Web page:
- More people will contact technical support rather than figuring it out for themselves. Offering great technical support, simply increases the demand for it.
- All customers will need to be charged a higher price to cover the cost.
To solve this dilemma there are several strategies...
- Make technical support either non-existent or ensure customers wait on telephone queues for long periods.
- Charge for anything other than basic technical support.
- Set-up technical question forums where consumers talk to each other asking technical support questions.
The technical support forum (or community) also provides a self-organizing source of usability research. Trawling the tech-support forums the technical product vendor can identify the most annoying technical glitches or misunderstandings and use this information to guide product development.
So, rather than assuming customer service should always be maximized whenever possible, part of strategy is weighing-up the benefits and considering other options.
This decision talks to the positioning strategy. There is room in the market for both the premium product/service and the stripped down, no frills, low cost producer.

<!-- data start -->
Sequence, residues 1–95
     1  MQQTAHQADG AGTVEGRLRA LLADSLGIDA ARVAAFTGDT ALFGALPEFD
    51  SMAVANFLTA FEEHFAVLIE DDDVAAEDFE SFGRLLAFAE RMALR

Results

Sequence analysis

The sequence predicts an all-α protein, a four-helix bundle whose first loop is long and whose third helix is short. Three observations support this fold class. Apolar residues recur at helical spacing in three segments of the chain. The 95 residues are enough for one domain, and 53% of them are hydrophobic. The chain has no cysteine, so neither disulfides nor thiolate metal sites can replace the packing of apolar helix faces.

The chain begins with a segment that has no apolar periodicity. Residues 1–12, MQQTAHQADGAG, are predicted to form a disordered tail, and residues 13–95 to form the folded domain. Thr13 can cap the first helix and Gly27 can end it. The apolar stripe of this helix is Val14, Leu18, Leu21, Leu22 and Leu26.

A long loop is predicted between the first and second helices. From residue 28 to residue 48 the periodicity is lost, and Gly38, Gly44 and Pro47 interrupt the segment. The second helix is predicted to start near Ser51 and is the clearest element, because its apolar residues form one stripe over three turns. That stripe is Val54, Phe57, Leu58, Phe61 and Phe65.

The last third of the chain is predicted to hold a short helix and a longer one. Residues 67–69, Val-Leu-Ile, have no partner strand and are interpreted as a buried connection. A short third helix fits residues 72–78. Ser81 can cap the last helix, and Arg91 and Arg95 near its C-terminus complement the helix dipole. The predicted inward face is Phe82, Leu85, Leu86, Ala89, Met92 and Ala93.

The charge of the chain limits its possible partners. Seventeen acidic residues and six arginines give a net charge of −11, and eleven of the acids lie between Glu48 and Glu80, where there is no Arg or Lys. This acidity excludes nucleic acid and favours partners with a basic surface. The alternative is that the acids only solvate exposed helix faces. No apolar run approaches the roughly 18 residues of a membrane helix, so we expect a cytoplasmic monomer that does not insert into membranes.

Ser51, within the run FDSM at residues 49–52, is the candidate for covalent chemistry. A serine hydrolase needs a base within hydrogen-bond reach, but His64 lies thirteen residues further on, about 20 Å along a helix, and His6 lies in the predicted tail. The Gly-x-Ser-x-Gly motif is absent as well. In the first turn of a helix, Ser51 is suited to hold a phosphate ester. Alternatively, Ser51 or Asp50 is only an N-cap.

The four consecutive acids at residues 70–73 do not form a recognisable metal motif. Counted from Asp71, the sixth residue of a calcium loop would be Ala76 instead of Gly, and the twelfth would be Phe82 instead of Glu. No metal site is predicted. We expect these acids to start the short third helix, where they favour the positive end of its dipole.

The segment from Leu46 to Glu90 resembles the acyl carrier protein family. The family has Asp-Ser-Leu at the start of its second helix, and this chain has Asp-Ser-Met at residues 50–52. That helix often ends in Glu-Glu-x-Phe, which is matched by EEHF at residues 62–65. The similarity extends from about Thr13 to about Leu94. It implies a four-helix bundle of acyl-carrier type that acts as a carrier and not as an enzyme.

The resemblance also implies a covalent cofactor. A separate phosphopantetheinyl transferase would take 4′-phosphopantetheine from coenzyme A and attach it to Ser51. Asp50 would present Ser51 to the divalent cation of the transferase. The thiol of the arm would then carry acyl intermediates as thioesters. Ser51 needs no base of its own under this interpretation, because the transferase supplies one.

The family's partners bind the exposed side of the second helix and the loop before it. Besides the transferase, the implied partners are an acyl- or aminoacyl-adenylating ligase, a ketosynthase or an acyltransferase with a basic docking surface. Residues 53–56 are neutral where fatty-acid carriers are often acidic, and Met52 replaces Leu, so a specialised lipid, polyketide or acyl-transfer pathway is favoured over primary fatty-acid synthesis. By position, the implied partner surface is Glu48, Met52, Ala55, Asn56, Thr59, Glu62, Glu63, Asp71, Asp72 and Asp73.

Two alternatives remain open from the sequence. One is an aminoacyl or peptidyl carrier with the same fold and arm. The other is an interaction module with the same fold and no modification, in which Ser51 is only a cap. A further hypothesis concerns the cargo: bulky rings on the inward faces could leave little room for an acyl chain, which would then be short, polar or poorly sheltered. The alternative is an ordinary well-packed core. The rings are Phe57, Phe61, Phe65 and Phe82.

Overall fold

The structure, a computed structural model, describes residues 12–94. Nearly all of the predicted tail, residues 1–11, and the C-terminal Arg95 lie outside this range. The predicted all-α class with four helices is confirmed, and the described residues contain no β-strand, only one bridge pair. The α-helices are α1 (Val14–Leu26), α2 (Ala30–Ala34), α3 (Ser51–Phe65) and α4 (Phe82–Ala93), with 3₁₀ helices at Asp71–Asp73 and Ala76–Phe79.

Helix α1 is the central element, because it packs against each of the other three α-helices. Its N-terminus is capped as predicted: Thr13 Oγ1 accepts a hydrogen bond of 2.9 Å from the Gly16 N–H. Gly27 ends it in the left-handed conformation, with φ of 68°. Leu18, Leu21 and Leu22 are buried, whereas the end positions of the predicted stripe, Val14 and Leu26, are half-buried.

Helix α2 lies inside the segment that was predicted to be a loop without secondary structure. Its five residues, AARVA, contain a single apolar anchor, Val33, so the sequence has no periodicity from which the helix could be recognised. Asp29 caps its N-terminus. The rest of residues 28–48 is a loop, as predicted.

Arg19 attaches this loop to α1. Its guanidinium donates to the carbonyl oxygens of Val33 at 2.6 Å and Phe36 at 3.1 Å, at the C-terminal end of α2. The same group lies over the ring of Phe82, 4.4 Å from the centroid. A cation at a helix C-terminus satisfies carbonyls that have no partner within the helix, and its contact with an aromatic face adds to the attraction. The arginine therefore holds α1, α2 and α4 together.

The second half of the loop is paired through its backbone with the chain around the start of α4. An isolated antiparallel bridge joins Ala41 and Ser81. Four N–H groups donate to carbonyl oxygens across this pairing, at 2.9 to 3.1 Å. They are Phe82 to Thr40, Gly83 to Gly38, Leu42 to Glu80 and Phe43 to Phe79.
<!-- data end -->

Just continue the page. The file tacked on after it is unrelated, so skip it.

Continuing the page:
Places in B2B marketing - your place or mine?
Most B2B marketing isn't conducted in a sales showroom but is increasingly taking place in virtual environments. The typical customer journey is depicted by these diagrams...
Customer journey in a low touch B2B sale
The B2B Low Touch sale is typically the selection by the customer of a technical component, building materials, or similar where the sales information, sales conversation, and buying process is done without meeting face-to-face. Typically conversations are by telephone or email. Many service products are transacted this way; for example airline travel and accommodation. In this case "The Place" is a website backed-up by internal sales.
Typically the Place Strategy would include...
- The decision to adopt an online direct selling model backed-up by internal technical sales.
- Specifying the website to showcase products, provide technical data and encourage either online sales or sales enquiry.
- Designing the scope and nature of the internal sales team, procedures, support systems and sales quotation processes.
- Specifying the order fulfillment process
- Providing order tracking
- After sales support - helping the customer to use the product, which for technical products can be important.
Customer journey in a high touch B2B sale
Many B2B products and services are not off-the-shelf and require custom design. Examples include bespoke machinery, roads, bridges, buildings and other construction. Software solutions, or consulting projects.